Wednesday, 30 March 2005

Well, another wonder of wonders: having discovered Alfred Cortot playing the first book of Debussy's Preludes, unlistened to in a pile, I dutifully listened to the two fill-ups. These were two substantial preludes, chorals and fugues by C├ęsar Franck. Quite bowled over, and the two pieces have been spinning on my turntable ever since. Immensely attractive music. The sound and surfaces (from 1929 and 1931) are not great. But the playing is. And the music is. We live and learn

Friday, 25 March 2005

Well, wonder of wonders. I spent the evening listening with great enjoyment to ... David Oistrakh. Normally, I find him somewhat bland and over-exposed (a bit like Milstein). But this evening he was playing live: a collection of pieces from the mid-1950s in Moscow, plus the Chausson concerto for violin, piano and string quartet (Moscow, 1960). A bit like Heifetz; Oistrakh caught live and on the wing is a different animal. For almost the first time, I really warmed to him this evening. I must investigate more live Oistrakh.

Saturday, 19 March 2005

Ah, a fine new CD from Joanna Madroszkiewicz playing arrangements of Chopin waltzes and nocturnes (mainly arranged by Huberman or Sarasate). I like Chopin violin and piano arrangements! The music on the disc is varied and interesting and makes a big change from the tired old selection of Banjo & Fiddle, etc. Madroszkiewicz is at the opposite extreme from being a bland player; maybe somewhat gusty, maybe somewhat over-sentimental in the more romantic pieces. But always interesting. Good listening; it will join my "re-listen" pile. I must pull her Wieniawski disc off my racks and re-listen. Finished up the fine Thai soup for lunch, then out with the veal chops from Bath this evening!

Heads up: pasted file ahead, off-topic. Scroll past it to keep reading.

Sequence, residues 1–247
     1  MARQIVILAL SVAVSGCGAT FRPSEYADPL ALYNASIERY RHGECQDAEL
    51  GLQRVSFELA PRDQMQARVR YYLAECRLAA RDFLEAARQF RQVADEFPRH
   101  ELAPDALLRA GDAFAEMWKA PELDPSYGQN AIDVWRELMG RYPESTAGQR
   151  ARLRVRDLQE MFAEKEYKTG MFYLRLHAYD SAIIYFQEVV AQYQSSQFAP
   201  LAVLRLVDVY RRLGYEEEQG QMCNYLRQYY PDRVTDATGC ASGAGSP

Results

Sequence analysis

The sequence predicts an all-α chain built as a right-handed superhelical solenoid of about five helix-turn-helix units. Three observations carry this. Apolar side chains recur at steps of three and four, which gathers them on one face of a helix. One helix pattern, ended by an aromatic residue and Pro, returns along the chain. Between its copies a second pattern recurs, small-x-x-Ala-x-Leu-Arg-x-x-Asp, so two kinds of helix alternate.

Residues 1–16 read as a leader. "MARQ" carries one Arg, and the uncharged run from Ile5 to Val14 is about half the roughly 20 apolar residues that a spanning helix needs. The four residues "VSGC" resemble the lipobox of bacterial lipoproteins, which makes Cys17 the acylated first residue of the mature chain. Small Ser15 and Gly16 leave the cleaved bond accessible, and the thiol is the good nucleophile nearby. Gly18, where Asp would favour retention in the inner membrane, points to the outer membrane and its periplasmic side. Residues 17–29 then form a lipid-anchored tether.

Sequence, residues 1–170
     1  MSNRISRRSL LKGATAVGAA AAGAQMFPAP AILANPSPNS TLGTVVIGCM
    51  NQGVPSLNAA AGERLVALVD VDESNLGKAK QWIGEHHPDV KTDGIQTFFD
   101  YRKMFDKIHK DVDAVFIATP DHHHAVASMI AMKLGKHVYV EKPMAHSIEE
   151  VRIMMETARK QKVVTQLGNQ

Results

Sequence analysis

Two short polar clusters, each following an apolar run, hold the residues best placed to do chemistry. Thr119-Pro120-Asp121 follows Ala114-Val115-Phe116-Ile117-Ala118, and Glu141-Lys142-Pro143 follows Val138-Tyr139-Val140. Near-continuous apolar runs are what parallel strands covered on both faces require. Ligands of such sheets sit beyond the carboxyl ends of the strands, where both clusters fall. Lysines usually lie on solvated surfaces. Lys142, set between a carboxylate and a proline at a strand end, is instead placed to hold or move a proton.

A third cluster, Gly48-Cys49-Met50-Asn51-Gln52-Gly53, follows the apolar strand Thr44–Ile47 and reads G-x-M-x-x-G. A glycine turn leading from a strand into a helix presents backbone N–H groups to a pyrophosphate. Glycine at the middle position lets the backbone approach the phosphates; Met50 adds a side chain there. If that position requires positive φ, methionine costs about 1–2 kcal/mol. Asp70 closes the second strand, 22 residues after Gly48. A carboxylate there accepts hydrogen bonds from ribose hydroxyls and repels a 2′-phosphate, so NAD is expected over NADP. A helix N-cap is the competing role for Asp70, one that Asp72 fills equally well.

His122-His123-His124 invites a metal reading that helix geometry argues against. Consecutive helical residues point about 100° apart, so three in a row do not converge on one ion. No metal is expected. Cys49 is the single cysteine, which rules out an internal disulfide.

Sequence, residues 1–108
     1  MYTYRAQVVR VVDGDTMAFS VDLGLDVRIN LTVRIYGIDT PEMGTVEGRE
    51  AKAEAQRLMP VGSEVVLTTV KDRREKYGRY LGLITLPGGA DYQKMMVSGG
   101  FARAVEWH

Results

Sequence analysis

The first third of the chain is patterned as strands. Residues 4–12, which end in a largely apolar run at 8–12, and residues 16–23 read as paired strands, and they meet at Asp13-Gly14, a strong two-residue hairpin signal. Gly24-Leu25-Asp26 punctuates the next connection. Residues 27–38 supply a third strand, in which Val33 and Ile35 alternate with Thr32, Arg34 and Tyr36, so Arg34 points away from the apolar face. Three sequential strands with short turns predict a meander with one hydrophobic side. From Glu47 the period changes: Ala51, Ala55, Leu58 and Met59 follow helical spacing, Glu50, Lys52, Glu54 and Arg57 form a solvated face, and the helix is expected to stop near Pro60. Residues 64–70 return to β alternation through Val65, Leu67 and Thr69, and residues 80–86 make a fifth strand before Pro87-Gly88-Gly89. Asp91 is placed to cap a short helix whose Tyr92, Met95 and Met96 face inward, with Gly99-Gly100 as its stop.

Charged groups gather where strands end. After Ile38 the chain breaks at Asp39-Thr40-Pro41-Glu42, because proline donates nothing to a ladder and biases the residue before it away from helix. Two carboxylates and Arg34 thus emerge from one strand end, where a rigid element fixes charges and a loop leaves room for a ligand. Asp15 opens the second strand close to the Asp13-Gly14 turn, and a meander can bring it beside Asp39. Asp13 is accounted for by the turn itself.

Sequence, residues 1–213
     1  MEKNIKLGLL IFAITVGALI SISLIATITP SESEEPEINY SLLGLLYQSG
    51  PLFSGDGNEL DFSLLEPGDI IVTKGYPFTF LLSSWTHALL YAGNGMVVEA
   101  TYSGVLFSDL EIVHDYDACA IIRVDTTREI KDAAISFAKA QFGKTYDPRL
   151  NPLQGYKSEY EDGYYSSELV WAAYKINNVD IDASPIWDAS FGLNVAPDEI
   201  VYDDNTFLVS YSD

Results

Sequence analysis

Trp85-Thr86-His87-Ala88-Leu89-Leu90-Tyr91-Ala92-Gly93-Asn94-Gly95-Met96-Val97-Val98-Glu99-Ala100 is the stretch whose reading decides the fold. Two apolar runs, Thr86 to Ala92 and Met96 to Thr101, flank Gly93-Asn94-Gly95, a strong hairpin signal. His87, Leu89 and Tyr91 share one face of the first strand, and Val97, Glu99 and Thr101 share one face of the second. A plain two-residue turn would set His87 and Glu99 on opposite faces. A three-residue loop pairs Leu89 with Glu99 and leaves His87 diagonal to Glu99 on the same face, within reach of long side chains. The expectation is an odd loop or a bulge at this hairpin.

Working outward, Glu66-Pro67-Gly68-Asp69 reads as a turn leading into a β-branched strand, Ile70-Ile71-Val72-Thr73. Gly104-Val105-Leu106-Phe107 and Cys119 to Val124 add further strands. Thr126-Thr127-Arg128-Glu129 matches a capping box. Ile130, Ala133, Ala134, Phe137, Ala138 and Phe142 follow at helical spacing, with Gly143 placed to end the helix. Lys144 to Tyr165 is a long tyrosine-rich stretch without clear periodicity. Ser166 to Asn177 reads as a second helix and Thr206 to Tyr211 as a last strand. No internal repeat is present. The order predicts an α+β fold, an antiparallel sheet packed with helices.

Friday, 11 March 2005

Yesterday evening it was the Op 74 quartet by Beethoven (Takacs Quartet). I really think that the later 10 Beethoven string quartets (plus the Grosse Fuga) should always be beside my CD player. The music in the quartets is so varied, so full of light and shade, so daring, so vibrant. The 10 quartets may only occupy six hours or so of music; but they are most certainly among the greatest music ever written.

Sunday, 6 March 2005

To Portsmouth on Friday to hear Simon Trpceski playing the third Prokofiev piano concerto. A highly impressive pianist. So good, I ordered his second CD yesterday (Rachmaninov). Only 25 years old, but can he play! The hall erupted after the performance.
Recorded Julia Fischer off-air playing the Sibelius violin concerto (from San Francisco). She really is an impressive violinist.
It will be good to hear her (if only ... ) in somewhat less hackneyed repertoire. Yet another Sibelius violin concerto ... or Tchaikovsky, or Mendelssohn, or Bruch G minor. I messed up the recording (forgot to turn the tuner to stereo). So the recording is passable rather than good. But the playing is passionate and musical. I await her Bach unaccompanieds (on order).